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'It was a tough time': The All Black who 'had' to leave New Zealand

By Finn Morton
CHOFU, JAPAN - NOVEMBER 03: Brett Cameron of the All Blacks looks on during the test match between Japan and New Zealand All Blacks at Tokyo Stadium on November 3, 2018 in Chofu, Tokyo, Japan. (Photo by Hannah Peters/Getty Images)

At just 25 years of age, one-Test All Black Brett Cameron left New Zealand to pursue an opportunity with Japanese club Kamaishi Seawaves.


But the playmaker didn’t want to leave New Zealand, he just “had” to.

Cameron had enjoyed a promising start to his professional career with Canterbury and the Crusaders, before making a shock debut for the All Blacks in 2018.

While his selection in the No. 22 jersey came as a surprise to many – including Cameron himself – it was a clear indication of his potential.

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But opportunities to impress at Super Rugby level still proved hard to come by.

Champion Crusader Richie Mo’unga had made the No. 10 jersey his own down south, as he continued to showcase his brilliance on the field.

Instead, Cameron was made to watch from the sidelines.

Three years after his All Blacks debut, the flyhalf left the Crusaders at the end of the 2021 season.

While the first-five went on to impress with Manawatu in the NPC, Cameron failed to secure a Super Rugby deal with any of the NZ franchises after leaving the Crusaders.


“It was a little bit of a weird time for me, finishing up down south and didn’t have a lot come up that year,” Cameron told RugbyPass.

“That opportunity to go overseas was something that wasn’t my first choice, but something I had to do at that time.

“My intention was always to come back and play NPC, and hopefully get back into Super Rugby from there.

“It was a tough time but I guess teams all have their players that are signed up for a couple of years.


“I had to take it as it comes and it gave me a bit of fuel for that season of NPC where I had a move to Manawatu.


“That was good in a way, it allowed me to express myself and then do the same thing overseas.”

After moving back to his home province of Manawatu, Cameron was praised for his scintillating form in the No. 10 jersey.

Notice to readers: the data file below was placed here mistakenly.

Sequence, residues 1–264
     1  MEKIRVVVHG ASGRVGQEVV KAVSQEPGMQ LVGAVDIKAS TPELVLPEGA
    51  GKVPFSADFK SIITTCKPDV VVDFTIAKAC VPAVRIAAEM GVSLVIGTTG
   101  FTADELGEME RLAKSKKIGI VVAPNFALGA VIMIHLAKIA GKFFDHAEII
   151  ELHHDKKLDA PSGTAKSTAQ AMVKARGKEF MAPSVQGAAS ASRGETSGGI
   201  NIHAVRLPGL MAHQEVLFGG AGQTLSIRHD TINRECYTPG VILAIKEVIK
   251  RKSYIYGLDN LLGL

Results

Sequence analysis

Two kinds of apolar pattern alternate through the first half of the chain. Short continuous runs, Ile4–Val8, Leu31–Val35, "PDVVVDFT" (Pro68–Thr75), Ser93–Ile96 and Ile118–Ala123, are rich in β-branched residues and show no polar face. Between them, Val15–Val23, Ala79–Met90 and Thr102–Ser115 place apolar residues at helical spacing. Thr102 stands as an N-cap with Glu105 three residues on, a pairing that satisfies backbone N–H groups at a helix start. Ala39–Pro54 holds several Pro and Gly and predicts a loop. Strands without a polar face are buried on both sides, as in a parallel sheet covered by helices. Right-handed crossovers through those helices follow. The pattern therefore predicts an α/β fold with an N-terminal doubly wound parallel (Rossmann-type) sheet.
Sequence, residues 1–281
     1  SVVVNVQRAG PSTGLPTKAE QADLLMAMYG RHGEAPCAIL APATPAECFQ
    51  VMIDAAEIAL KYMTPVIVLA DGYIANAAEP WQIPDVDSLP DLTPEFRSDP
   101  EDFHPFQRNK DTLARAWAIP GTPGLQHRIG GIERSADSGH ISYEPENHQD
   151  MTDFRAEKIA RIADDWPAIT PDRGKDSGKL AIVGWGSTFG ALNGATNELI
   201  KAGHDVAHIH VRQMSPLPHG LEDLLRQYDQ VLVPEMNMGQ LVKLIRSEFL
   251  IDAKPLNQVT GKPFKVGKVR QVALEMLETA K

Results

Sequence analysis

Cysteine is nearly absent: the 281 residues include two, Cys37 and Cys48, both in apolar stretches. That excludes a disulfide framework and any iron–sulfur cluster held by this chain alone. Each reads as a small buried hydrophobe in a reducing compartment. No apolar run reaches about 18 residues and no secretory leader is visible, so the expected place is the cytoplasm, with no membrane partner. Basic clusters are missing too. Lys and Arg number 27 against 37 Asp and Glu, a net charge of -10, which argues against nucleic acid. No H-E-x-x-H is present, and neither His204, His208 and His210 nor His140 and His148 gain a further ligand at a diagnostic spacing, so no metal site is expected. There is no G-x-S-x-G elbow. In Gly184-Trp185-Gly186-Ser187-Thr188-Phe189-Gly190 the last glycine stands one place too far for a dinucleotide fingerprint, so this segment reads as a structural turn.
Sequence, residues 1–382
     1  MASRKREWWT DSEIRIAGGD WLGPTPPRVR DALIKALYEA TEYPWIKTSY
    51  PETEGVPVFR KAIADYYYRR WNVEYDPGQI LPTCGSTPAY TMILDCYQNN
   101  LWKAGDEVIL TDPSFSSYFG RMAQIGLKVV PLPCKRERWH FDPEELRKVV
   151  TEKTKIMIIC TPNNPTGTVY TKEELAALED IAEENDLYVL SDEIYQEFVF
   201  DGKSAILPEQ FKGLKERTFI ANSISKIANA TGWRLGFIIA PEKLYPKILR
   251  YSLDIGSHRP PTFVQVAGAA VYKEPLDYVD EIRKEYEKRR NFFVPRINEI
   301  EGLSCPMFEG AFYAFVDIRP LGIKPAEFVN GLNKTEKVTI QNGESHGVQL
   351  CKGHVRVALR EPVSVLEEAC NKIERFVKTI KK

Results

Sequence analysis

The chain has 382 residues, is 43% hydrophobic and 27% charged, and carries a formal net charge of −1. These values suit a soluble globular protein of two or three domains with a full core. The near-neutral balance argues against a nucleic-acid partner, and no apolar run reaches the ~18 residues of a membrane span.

Champion halfback Bryn Hall told the Aotearoa Rugby Pod that the first-five was playing the “best rugby of his career” after leading Manawatu to the Championship semi-finals.

But the decision was done, and the contract had been signed.

By the time Super Rugby teams came knocking, the Whanganui-born talent had already put pen to paper with Kamaishi for the inaugural Japan Rugby League One campaign.

But in July last year, New Zealand Rugby confirmed that Cameron had signed on to play for the Hurricanes in Super Rugby Pacific in 2023.

Cameron is expected to challenge for the starting spot at first-five, if not make that jersey his own, this season.

While he’s focused on playing “Super footy again” for his home region, Cameron spoke about his desire to don the coveted black jersey once again.

“I definitely think that when you’re playing in New Zealand, everyone wants to be an All Black,” he added

“It’s definitely something that everyone’s striving for here. That’d be awesome to build on that but just stoked to be playing Super footy again.

“That’s what I’m looking forward to the most.”

Cameron will miss the Hurricanes’ trip across the ditch to start their season, having torn his calf in their preseason clash against the Blues.

As reported earlier this week, the Hurricanes are also set to be without rising star Ruben Love.

The Hurricanes begin their season with a blockbuster against the Queensland Reds in Townsville on Saturday, before playing the Melbourne Rebels in Super Rugby Round the following week.


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by George! 472 days ago

All the best in your recovery and kia kaha on your quest.

Jmann 476 days ago

Sadly, the soft, frantic nature of Japanese rugby does little to prepare players for the real thing. Good to see some talent returning to NZ after a rest and some decent pay.

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